What Should You Write, Today?

Beautiful Trash

It’s a new year, full of promise…too much promise, perhaps?

A new year can feel like that beautiful notebook someone gave you as a gift: full of potential, unspoiled…too good to mess up with your messy handwriting and half-baked ideas.

(Be honest: How many beautiful blank books do you have on your shelves just waiting for the day when you have a project worthy of their quality?)

The Curse Of Perfectionism

After all the hoopla of New Year and the endless year-end review/goal setting articles flooding the web, the new year can arrive with stakes that feel ridiculously high.

So, if you’re having trouble deciding what to write this week you’re not alone. Many of us struggle with that urge to get things right. First time. This time.

But…the truth is, creativity isn’t about getting things right. It’s about making new things, which usually involves a bit of mess-making.

In Praise of the Mess

What if you were to write something —anything—that was simply fun, for you? What if you didn’t worry if it was any good? What if you decided not to judge yourself if you didn’t finish it? What if you slowed down and worked on it a little bit, adding a few words every other day?

What if you decided to give the beautiful notebook life, by chicken scratching your half-baked ideas all over its pages?

What if, instead of worrying about writing something good, you just let yourself write something?

Treasure in the “Trash”

This week on Twitter, writer Faith Bougham wrote:

 “Every morning now with my coffee, instead of scrolling on my phone, I write 300-500 words on my trash fantasy novel. It is JUST FOR ME. It is a project to learn, experiment, process things, go completely off the rails, whatever I want. Zero expectations.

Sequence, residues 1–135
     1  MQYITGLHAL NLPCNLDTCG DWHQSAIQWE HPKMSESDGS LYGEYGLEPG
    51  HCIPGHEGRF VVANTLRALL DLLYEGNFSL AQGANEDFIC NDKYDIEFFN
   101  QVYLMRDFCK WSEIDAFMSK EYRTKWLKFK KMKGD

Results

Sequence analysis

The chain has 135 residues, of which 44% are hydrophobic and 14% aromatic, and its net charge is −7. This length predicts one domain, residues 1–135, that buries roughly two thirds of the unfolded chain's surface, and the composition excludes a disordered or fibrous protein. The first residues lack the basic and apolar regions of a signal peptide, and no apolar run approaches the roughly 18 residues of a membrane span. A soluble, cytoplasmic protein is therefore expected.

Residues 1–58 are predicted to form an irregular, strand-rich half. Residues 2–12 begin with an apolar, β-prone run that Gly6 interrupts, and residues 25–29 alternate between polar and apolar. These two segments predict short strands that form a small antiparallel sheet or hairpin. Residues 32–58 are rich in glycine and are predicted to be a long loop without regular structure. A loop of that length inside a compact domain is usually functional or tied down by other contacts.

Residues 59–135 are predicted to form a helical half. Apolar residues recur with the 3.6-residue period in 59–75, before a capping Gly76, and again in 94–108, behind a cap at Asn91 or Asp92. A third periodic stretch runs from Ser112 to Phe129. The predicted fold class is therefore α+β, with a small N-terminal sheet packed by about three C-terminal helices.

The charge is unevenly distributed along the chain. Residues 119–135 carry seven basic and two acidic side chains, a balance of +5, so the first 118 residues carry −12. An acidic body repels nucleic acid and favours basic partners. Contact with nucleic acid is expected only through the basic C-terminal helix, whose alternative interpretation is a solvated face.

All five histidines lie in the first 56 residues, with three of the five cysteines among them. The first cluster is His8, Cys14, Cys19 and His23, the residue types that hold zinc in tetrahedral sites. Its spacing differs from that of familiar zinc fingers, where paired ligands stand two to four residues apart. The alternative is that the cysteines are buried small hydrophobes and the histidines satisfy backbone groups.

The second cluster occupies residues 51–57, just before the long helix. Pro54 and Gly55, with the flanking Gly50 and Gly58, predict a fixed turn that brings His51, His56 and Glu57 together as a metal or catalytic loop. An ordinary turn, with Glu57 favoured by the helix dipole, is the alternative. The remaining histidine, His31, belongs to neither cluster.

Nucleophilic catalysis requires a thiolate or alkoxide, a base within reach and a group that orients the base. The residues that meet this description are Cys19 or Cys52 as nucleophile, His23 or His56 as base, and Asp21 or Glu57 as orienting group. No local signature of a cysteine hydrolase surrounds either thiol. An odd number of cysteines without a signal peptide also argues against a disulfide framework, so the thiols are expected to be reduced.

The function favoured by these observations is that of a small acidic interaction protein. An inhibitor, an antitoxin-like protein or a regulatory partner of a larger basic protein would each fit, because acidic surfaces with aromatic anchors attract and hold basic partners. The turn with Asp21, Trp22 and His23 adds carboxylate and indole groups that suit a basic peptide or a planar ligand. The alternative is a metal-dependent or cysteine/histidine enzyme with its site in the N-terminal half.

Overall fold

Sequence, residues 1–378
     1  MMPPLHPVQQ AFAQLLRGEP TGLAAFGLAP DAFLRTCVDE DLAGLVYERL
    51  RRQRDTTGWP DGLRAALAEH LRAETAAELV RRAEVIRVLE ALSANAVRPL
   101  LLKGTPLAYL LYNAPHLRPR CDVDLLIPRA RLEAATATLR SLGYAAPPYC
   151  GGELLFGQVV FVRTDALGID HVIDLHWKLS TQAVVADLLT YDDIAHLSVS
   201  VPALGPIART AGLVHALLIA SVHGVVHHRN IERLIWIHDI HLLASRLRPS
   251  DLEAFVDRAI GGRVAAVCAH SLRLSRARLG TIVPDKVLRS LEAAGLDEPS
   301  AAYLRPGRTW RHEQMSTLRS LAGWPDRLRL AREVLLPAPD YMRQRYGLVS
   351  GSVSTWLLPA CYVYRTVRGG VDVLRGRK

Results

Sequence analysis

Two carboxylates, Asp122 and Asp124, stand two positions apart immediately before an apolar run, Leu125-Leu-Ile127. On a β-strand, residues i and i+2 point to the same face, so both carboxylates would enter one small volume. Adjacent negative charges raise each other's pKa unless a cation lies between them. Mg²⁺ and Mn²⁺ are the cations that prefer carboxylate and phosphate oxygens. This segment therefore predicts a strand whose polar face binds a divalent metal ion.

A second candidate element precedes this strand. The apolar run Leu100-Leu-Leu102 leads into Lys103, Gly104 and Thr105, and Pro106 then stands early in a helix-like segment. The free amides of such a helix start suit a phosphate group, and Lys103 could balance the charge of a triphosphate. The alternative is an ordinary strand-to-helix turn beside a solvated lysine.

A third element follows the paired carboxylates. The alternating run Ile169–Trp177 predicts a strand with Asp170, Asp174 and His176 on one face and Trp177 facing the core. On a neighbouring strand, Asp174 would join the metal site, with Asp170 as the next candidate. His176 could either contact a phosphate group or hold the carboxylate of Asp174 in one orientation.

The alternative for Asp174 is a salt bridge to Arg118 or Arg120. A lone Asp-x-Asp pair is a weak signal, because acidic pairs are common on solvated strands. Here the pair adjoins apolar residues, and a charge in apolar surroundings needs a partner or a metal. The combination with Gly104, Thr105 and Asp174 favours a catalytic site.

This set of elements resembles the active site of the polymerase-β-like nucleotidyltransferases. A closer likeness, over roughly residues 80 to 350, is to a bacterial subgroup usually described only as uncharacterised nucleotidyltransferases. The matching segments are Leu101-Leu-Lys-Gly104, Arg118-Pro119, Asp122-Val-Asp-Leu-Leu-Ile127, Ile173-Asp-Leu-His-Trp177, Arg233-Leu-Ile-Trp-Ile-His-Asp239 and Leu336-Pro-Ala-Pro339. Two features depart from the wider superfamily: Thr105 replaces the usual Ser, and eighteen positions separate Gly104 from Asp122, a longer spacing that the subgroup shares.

Can you feel the relief?

The Mood-Lifter Project

Peyton Ellas, a member of the StoryADay Superstars group, started a story, a Western, just for fun. Leaning into the tropes and going over the top was point. Peyton told me, “when I felt discouraged or overwhelmed about writing or life, working on that story lifted my mood.” 

I almost hesitate to mention this part, but: That story was just published. 

I’m not sure it would have been, had Peyton focused on “getting it published” instead of “having a blast writing it”.

With Faith and Peyton methodology, our goal of being “successful writers” is in our own power, long before anyone else is involved in the process. we can be happy writers, playing like kids in a sandbox and sometimes making something other people enjoy too.

Choose Your Own Adventure

Do you want some of that success in your writing life?

Why not start your own “trash project” and have a blast getting messy in its mud-puddles?

I won’t tell anyone, and you don’t have to, either.

Let’s have some fun this week.

storyaday graphic divider


Need a little direction? Here are some resources and ideas

Write a story about something that irritates you

Or write something that’s hilarious to you

(Bonus points for doing both at the same time)

Some tips on incorporating anger into your stories without making it unpleasant or unreadable:

(Consider writing something over the top, like Peyton did.)

Listen to the podcast episode that goes along with this article.

Still having trouble finding writing ideas? Read this:

Having trouble getting the words to flow? Get the StoryADay Guide to Breaking Writers’ Block ebook

2 thoughts on “What Should You Write, Today?”

  1. I got a lot out of this podcast episode. I realized as I was listening that I had been paralyzed by the thinking that I could only justify time and effort spent writing if it had inherent meaning (whatever that means.) Your podcast, along with some other reading and listening I was doing, encouraged me to throw off those shackles and write just for the enjoyment of writing. After all who am I to judge meaning? And how can I get better at writing without allowing myself to play.
    After listening I began a new folder in Scrivener I labeled “My Playground,” and promptly wrote a new story of 1001 words. Today I added to it.
    Thank you for encouraging me to play more, worry less, where it comes to writing.

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